By Ken Bradbury
Sarah Bunfill said that it was hard to concentrate on her biology assignment with Secret Service agents in the room. Sarah was a student at Triopia on the day President Ronald Reagan plopped down his Marine One helicopter onto the Triopia football field for a speech at the John Werries farm. To my knowledge it’s the only time we’ve had a U.S. President visit the school, discounting the countless old homesteads that claim to have hosted Abraham Lincoln.
My Lincoln Land Community College theatre class has spent a couple months interviewing Triopia area folks in preparation for a play telling the story of how Chapin, Concord and Arenzville came together to form the present school. One of the questions was, “What’s your most vivid memory of Triopia?” and the Reagan visit often tops the lists of those we interviewed.
Perhaps the most memorable event of that week was the consternation on the face of coach Don Kemp when it was announced that someone would be landing two helicopters on his football field during homecoming. In the those hoary days even birds were afraid to land on Kemp’s field and the prospect of several tons of machinery putting dents in his grass was more than Coach could take. Rumor has it that he informed the Secret Service they’d have to find another spot. Further rumor states that that Kemp met his match in the U.S. Secret Service, for both Reagan’s helicopter and its backup alit on the field one brisk morning.
The boys from the Secret Service had spent most of the week at Triopia inspecting classrooms, interviewing farmers who lived along the route of Reagan’s limousine, attending Triopia football games and listening carefully for any hint of anarchy, and setting up their communications system. In these pre-cell phone days extra land lines had to be strung into the school. I can remember that NBC, ABC, and Mike Wallace’s boy, Chris, commandeered the room next to mine. We all thought it was pretty cool to have dark-suited men in the building all week although the whole thing was a bit spooky.
The White House informed Triopia that we were to have one and only one person in the building when the President landed, so our custodian, Dick Lippert was chosen. Dick was warned not to take any pictures, so I gave him the school’s video camera and he filmed from a darkened classroom. Dick said that Reagan didn’t come into the school, but Governor Jim Thompson came in to tinkle. Dick didn’t catch that part on film. However, he did come away with a black and white video of the copter landing, the handshaking, Reagan climbing into his armored car, and the Secret Service boys running alongside until it picked up too much speed to tag along.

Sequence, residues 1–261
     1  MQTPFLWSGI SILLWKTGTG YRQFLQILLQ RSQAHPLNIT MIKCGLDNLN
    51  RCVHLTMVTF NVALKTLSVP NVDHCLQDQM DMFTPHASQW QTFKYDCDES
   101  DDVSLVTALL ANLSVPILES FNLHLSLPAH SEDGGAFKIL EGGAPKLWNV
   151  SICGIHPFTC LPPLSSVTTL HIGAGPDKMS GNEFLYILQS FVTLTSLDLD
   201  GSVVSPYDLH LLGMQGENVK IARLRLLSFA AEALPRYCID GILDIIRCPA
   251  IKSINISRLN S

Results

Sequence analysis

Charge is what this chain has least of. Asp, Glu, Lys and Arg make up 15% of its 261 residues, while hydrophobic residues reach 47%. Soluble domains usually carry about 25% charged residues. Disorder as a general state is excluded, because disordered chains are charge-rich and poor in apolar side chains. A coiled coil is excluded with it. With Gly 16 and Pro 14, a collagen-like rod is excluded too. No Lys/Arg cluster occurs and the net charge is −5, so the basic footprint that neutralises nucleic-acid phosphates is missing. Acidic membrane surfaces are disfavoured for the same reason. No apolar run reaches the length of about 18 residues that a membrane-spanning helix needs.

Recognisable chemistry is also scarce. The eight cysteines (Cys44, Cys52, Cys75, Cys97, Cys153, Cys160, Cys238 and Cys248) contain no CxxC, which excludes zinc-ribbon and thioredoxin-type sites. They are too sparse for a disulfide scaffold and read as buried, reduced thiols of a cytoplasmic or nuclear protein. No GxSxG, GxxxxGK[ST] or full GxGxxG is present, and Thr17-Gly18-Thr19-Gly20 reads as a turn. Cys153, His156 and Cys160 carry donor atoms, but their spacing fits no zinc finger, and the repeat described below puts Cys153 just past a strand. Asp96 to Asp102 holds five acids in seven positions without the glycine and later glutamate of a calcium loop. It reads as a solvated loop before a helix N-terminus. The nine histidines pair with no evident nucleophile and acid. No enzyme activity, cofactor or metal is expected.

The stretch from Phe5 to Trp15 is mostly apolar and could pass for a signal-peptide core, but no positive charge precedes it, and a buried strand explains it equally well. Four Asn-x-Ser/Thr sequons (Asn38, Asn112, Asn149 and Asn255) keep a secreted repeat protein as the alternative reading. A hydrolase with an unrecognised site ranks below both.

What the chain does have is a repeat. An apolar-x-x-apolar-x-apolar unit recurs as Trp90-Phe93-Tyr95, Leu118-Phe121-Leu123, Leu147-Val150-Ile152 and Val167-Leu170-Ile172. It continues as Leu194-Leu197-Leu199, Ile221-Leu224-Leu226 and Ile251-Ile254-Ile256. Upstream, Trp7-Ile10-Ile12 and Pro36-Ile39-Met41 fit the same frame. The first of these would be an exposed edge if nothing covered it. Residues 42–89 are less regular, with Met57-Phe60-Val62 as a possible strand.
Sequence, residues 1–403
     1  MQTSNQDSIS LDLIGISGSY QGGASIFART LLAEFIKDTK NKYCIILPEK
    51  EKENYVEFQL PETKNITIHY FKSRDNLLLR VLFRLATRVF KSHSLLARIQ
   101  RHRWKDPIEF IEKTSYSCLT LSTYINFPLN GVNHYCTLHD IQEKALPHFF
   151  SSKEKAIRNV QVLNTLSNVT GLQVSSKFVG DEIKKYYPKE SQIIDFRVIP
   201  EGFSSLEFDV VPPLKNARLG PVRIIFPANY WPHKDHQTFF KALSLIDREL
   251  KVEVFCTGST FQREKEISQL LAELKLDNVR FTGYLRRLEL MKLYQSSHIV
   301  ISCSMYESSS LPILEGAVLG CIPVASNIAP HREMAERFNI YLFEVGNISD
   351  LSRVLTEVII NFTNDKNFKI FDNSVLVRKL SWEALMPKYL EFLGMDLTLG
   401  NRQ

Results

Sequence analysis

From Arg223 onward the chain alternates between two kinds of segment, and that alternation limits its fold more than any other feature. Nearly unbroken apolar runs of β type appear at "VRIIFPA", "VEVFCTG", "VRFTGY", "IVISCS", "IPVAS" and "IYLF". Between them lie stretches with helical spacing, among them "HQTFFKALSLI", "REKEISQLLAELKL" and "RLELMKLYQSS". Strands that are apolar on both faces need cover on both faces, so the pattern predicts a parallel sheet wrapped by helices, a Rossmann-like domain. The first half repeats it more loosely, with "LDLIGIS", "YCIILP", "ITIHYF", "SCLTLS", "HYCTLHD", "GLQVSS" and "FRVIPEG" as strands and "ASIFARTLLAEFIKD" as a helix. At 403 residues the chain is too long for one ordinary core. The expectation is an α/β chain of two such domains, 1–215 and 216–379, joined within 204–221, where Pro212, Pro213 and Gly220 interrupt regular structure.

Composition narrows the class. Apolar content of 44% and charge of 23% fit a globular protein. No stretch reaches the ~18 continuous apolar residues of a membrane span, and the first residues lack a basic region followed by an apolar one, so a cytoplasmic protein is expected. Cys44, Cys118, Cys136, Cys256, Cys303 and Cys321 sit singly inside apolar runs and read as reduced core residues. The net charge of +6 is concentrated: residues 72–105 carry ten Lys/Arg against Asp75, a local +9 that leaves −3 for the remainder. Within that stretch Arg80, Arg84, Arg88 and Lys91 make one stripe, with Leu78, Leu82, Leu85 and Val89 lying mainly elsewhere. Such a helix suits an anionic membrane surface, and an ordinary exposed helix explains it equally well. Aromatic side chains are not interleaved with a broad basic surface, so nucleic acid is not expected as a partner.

Every road, lane, driveway, and wide place in the road was commandeered by a state or local policeman along the route and on that particular day Morgan county’s most heavily-traveled two-land high way had only one motorcade.
I can remember standing in a very wet and chilly field awaiting the President’s arrival south of Concord. Principal Steve McCarty and I were first in line and I had to go through the security check three times until they discovered that the tinfoil from a stick of Juicy Fruit gum was setting off the metal detector. President Ron was all smiles when he climbed out of his limo at the Werries farm and after more hand shaking and waving he gave a speech on topic that I’ve now forgotten and I suspect he has, too. Then we came to the highlight of the day when the Gipper crawled into the cab of John Werries’ John Deere and the two made a couple of laps through the mud for the benefit of the press. The original plans called for a longer ride but the previous day’s rain caused mucky problems that even the White House couldn’t solve.
Meanwhile back at the school, Dick the janitor had made friends with the Marines guarding the Prez’s chopper and he’d been given his own private tour, picking up some presidential matchbooks and playing cards for his efforts. When Reagan returned to Kemp’s landing pad Marine One was having digestive problems so he took off in Marine Two. Mrs. Bunfill said that when they came out to decorate for homecoming in the day they got a tour as well.
It’s a day we’ll long remember and it never hurts to have the Secretary of Agriculture, Larry Werries, from your school district.
Footnote: Kemp survived the landing. He was a former Marine.